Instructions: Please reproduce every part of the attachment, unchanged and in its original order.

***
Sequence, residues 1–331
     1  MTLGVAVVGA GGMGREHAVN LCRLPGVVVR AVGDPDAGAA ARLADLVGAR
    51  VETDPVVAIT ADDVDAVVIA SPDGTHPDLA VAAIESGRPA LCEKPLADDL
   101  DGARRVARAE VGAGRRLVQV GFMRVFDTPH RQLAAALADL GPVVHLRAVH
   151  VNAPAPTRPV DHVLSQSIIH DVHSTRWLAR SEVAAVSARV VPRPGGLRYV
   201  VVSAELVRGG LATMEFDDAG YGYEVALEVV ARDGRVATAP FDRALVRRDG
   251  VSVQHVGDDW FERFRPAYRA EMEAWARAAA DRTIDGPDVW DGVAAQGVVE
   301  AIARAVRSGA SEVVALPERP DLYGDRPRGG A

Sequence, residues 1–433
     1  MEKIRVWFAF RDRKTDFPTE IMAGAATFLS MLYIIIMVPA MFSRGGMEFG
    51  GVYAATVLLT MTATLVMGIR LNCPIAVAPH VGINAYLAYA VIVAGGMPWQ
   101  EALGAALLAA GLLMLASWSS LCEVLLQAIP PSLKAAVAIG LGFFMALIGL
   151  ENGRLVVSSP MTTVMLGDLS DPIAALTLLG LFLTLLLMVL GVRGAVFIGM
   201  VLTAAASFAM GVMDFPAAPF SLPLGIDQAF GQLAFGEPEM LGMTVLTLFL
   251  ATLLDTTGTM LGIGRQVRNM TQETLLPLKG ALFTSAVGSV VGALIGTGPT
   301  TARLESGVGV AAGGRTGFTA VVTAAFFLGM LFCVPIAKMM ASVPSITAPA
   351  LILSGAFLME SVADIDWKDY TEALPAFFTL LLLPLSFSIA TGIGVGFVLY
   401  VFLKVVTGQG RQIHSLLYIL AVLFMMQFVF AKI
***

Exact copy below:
Sequence, residues 1–331
     1  MTLGVAVVGA GGMGREHAVN LCRLPGVVVR AVGDPDAGAA ARLADLVGAR
    51  VETDPVVAIT ADDVDAVVIA SPDGTHPDLA VAAIESGRPA LCEKPLADDL
   101  DGARRVARAE VGAGRRLVQV GFMRVFDTPH RQLAAALADL GPVVHLRAVH
   151  VNAPAPTRPV DHVLSQSIIH DVHSTRWLAR SEVAAVSARV VPRPGGLRYV
   201  VVSAELVRGG LATMEFDDAG YGYEVALEVV ARDGRVATAP FDRALVRRDG
   251  VSVQHVGDDW FERFRPAYRA EMEAWARAAA DRTIDGPDVW DGVAAQGVVE
   301  AIARAVRSGA SEVVALPERP DLYGDRPRGG A

Sequence, residues 1–433
     1  MEKIRVWFAF RDRKTDFPTE IMAGAATFLS MLYIIIMVPA MFSRGGMEFG
    51  GVYAATVLLT MTATLVMGIR LNCPIAVAPH VGINAYLAYA VIVAGGMPWQ
   101  EALGAALLAA GLLMLASWSS LCEVLLQAIP PSLKAAVAIG LGFFMALIGL
   151  ENGRLVVSSP MTTVMLGDLS DPIAALTLLG LFLTLLLMVL GVRGAVFIGM
   201  VLTAAASFAM GVMDFPAAPF SLPLGIDQAF GQLAFGEPEM LGMTVLTLFL
   251  ATLLDTTGTM LGIGRQVRNM TQETLLPLKG ALFTSAVGSV VGALIGTGPT
   301  TARLESGVGV AAGGRTGFTA VVTAAFFLGM LFCVPIAKMM ASVPSITAPA
   351  LILSGAFLME SVADIDWKDY TEALPAFFTL LLLPLSFSIA TGIGVGFVLY
   401  VFLKVVTGQG RQIHSLLYIL AVLFMMQFVF AKI